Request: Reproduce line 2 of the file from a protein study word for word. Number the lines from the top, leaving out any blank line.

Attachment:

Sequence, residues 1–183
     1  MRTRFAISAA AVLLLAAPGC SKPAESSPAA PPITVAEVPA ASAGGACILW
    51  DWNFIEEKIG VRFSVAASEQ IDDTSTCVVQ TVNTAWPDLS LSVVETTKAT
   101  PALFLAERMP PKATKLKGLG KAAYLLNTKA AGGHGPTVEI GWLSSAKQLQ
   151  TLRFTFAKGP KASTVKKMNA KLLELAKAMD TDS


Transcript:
     1  MRTRFAISAA AVLLLAAPGC SKPAESSPAA PPITVAEVPA ASAGGACILW